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I agree mostly with the answer above, except for the geographic breakdown of who lived where. The geographic split between federalists and anti-federalists tended to be living followed a much more east-west line than north-south one. Federalists were much more likely to be coastal and urban, while anti-federalists were much more likely to be from the interior, rural regions.
A rich merchant from New York or Charleston, then, was more likely to support the Federalists. A yeoman farmer from Appalachia or western Pennsylvania was more likely to support anti-federalists. Massachusetts was cut in half by these sentiments, with Boston and the Cape heavily Federalist, and all of the western farm country on the anti-federalist side.
Federalists also tended to be wealthier and better educated, more organized and had control over most of the newspapers of the time.
Well known Federalists included George Washington, Ben Franklin, John Adams and Alexander Hamilton.
Famous anti-federalists included Thomas Jefferson, James Madison, Thomas Paine, James Madison and Patrick Henry.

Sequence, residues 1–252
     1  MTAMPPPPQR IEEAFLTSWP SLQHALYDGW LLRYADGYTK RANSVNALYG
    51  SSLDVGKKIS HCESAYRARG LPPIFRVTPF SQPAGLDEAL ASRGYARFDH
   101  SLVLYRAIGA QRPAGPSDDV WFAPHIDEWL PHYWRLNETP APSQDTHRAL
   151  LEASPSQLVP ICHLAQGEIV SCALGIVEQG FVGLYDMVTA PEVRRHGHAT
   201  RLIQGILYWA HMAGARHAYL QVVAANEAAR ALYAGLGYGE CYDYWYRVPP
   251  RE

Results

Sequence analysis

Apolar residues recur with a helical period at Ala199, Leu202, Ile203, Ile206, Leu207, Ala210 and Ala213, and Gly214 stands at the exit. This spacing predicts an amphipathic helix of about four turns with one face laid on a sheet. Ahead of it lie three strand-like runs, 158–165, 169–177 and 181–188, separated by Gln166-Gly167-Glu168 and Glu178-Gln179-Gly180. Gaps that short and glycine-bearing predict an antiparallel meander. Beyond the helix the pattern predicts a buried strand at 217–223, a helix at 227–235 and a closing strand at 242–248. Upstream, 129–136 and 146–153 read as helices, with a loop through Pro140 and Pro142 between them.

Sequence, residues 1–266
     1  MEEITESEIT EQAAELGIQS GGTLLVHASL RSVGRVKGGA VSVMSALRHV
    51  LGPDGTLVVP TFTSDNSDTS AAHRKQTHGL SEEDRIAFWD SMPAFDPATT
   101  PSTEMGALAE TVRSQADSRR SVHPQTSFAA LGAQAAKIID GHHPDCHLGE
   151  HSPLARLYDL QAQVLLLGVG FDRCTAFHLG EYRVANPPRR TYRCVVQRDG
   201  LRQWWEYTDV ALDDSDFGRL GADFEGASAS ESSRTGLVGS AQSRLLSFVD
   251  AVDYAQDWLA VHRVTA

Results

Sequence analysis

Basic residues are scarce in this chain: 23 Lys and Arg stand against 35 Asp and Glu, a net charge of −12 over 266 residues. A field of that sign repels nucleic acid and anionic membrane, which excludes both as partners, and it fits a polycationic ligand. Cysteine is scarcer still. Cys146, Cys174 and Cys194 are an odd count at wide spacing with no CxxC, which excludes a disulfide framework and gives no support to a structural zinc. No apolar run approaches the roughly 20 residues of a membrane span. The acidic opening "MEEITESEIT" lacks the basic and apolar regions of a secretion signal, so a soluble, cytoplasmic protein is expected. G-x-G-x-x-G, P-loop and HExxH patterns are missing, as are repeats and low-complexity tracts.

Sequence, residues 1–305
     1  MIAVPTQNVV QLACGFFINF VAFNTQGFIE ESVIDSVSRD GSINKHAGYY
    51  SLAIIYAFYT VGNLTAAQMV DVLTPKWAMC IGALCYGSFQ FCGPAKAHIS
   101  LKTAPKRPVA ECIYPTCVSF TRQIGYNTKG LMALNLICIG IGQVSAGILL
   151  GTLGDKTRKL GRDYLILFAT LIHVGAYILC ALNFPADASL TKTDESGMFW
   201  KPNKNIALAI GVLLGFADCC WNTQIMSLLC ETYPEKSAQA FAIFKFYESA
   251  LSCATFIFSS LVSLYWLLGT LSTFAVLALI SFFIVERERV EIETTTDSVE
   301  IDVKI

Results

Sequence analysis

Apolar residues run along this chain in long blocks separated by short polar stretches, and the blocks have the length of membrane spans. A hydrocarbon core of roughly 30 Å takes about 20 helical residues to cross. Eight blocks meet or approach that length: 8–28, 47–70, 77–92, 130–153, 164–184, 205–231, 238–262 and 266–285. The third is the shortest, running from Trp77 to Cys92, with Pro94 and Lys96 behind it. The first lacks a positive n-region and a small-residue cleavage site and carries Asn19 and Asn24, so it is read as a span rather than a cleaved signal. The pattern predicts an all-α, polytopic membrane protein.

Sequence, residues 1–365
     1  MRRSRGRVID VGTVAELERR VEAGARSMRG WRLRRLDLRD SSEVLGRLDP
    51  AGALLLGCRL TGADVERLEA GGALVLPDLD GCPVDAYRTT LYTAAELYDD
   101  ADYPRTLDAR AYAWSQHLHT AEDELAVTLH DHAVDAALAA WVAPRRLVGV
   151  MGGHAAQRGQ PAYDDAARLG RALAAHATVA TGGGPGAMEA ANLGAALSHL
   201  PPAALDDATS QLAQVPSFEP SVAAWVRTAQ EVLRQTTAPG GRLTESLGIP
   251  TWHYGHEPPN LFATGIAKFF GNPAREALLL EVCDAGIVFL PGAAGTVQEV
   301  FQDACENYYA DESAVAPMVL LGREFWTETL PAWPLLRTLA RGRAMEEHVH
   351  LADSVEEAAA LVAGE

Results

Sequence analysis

In general (but only in general) the Federalists were from the Northeast and were typically richer and more involved in manufacturing and trade and such. The Antifederalists were more from the South and were typically more involved in agriculture.
The Federalists wanted a strong national government. They did not trust the people as much as the Antifederalists did. They thought the national government would be more insulated from public opinion and would therefore do a better job than the state governments. They worried that state governments would let the poor tyrannize the rich.
The Antifederalists believed more in democracy and thought that the state governments would be more democratic. They worried that the national government would tyrannize them.
the Federalist wanted the constitution and the antifederalist did not
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